South Australia is at the end of the line when using the valuable water resources present in the Murray Darling Basin. State policies further up the basin, and federal allowances negatively impact us downstream. This is a national resource that needs to be managed by the Federal Government. It also requires the government to create policies that protect users' needs along the entire catchment, not seen as a method for corporations to generate a profit for themselves.

ENVIRONMENT > Emergency Response

Major Policies

  • Creation of Emergency Action Plans (EAPs) for national emergencies.
  • Increase the size of our national emergency aerial firefighting fleet and look into automated flame detectors in our national parks and reserves.
  • Securing availability of important strategic resources locally in case of emergency.
  • Where available, use funds designated for disaster relief by the government before requesting crowdsourcing of donations from the public.

As a follow up to updating our environmental disaster models, we need to generate Emergency Action Plans (EAPs) for the potential scenarios we may face in the future. Our government's response to large bushfires and floods is disgraceful, as is currently being demonstrated. We have seen these situations before, and every time, the government is slow to react and always acts surprised when trying to determine who should be responsible or what the command structure should look like.

I have been an emergency response volunteer and have qualifications in Public Safety (firefighting) and worked under frameworks used by the CFS, SES, and private industry as a mine rescue volunteer. In industry, we have EAPs for any serious event we can imagine occurring; the state-based emergency services have something similar but not quite as thorough. These plans include required resources, logistics, command structure and post-incident recovery process. The federal government needs to support the individual states in developing these EAPs. They also need to have a playbook of EAPs ready for when a situation like the floods we are seeing today occurs that allows for a quick and controlled response to situations too large for a single state to respond to.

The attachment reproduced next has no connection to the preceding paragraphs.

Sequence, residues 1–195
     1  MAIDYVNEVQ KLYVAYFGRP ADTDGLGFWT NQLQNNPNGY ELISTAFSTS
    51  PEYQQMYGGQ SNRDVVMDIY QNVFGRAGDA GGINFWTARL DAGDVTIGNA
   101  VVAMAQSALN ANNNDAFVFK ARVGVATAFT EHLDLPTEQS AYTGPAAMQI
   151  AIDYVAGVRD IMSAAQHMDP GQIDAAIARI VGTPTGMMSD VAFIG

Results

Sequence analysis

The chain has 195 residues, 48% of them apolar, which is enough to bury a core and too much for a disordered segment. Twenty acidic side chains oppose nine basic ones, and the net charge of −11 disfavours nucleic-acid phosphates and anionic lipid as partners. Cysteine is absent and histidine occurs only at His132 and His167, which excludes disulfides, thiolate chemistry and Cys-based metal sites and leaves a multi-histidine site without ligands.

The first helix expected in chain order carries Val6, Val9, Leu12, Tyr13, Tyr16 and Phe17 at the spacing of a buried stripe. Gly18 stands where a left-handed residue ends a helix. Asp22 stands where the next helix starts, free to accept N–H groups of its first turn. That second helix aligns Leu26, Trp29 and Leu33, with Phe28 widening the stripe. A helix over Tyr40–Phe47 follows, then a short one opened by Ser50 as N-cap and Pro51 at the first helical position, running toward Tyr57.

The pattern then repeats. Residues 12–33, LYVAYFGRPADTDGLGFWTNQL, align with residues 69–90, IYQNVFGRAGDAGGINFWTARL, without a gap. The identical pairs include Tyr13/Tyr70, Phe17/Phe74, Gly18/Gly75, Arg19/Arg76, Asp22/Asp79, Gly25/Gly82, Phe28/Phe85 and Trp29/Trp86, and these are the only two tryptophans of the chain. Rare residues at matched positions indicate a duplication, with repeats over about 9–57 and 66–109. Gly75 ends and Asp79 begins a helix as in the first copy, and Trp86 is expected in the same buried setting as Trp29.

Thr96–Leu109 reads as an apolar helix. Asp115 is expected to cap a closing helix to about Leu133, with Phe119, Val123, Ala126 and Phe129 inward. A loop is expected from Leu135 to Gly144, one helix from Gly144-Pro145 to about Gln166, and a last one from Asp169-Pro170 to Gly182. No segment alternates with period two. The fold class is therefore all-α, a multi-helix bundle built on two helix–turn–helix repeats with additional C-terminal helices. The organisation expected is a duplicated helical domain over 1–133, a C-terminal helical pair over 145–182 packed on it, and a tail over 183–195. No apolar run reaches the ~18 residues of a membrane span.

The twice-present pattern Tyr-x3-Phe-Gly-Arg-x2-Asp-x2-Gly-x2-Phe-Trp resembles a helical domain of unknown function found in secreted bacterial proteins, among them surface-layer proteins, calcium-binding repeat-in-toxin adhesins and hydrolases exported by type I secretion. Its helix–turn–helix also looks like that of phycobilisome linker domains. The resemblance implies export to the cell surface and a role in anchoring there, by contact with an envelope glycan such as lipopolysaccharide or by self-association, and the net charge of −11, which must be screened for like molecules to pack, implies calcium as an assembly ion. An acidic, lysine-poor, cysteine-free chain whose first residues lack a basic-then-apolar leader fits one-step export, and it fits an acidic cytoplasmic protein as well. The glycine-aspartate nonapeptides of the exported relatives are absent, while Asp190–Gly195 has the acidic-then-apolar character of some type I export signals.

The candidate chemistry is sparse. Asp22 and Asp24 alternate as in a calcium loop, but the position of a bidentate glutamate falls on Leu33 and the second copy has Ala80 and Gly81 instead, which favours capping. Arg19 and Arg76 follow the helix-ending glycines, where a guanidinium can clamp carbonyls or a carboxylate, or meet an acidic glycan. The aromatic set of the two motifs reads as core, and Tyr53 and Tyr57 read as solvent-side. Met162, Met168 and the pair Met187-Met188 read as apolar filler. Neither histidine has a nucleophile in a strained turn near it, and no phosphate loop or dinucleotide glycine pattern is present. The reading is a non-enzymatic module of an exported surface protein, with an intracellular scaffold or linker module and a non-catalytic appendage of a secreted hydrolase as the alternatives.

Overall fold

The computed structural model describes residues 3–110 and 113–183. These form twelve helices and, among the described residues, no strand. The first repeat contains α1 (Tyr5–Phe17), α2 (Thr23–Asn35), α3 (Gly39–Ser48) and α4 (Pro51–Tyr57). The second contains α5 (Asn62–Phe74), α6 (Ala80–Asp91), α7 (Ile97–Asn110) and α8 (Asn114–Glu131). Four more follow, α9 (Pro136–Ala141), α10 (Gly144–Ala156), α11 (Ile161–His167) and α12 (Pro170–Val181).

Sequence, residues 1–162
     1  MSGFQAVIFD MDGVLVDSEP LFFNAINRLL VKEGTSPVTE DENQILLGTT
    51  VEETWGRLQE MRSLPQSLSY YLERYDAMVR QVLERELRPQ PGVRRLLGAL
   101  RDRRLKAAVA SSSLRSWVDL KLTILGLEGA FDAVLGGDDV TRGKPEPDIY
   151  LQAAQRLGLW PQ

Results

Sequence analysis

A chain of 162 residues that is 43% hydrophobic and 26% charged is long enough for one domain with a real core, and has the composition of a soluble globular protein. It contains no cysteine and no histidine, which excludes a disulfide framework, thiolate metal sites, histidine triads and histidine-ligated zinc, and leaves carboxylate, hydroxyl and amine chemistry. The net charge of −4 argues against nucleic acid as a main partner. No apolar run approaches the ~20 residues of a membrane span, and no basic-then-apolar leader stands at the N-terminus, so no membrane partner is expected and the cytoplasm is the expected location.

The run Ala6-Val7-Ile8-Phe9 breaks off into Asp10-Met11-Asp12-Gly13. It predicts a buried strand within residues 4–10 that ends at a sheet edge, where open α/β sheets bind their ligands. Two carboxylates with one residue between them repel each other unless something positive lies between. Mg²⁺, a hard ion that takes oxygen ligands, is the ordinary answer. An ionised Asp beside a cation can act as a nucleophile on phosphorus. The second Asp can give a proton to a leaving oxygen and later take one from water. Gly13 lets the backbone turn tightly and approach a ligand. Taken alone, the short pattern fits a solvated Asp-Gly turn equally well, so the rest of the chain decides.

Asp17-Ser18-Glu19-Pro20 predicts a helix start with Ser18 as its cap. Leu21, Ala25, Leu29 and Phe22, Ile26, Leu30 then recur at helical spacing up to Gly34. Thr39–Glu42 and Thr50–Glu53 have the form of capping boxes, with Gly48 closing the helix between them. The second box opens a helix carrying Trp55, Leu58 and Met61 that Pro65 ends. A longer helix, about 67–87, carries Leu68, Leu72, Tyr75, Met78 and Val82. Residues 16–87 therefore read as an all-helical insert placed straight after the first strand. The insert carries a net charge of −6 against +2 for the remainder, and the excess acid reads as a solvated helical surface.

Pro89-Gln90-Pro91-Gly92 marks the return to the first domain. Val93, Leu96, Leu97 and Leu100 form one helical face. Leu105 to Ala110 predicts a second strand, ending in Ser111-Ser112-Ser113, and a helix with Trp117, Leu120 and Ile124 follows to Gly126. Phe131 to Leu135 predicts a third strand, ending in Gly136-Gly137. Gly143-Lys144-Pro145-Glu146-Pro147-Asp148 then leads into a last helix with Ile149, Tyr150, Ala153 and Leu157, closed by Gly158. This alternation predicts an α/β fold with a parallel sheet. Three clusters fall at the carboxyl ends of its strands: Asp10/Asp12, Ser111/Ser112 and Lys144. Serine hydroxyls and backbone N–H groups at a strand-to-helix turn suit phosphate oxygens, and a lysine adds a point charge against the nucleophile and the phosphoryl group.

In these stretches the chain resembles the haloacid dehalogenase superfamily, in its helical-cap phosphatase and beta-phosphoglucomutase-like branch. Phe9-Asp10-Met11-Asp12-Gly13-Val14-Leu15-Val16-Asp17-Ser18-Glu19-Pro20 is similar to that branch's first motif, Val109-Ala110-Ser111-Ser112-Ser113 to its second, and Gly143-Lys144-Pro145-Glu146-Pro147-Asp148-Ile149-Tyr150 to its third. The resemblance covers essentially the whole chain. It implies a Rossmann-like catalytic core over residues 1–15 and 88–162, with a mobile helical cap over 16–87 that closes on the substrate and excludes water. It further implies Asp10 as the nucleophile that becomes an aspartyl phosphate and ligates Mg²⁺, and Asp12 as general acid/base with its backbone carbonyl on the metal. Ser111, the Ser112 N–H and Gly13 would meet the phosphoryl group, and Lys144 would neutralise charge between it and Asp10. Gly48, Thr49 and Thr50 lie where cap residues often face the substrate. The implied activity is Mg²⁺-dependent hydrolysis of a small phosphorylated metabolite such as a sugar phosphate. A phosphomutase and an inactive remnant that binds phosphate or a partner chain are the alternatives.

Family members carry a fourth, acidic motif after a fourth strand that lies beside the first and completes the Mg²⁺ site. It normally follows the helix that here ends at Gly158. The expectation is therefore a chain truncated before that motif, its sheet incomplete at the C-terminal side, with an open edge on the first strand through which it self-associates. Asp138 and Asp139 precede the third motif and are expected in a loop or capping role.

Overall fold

Having lived through bushfires as a child and then becoming a volunteer firefighter as an adult while living in the outback, I have tried to prevent devastation but have witnessed the result. The Australian bushfire season is getting longer and consistently overlaps with the fires in the Northern Hemisphere. This is a problem as part of our national defence is to hire resources from the Northern Hemisphere to come to Australia and be on standby if required. With the overlapping fire seasons, these resources are not always available when we want or need them. We should be investing in improving our national fleet. The investment cost for additional aerial appliances is very little compared to the money we find for aerial combat equipment or the property loss suffered by Australians during bushfires. I also believe we should look into flash detectors connected to a wireless system that can monitor and alert forestry workers to fires before they become an emergency.

At the beginning of the COVID19 pandemic, the public was exposed to how unprepared we are to support ourselves for key strategic items. We could not provide basic PPE to frontline workers, which required local businesses to step up and retool. We saw global shipping slow down and basic items increase in price. We also saw how inadequate we were to be self-reliant on providing Rapid Antigen Tests and producing vaccines. Unfortunately, we are in volatile times regarding global relations, and we have witnessed how trade to and from Australia can be impacted. We need to understand what industries and resources we need to ensure basic self-sufficiency should the need occur.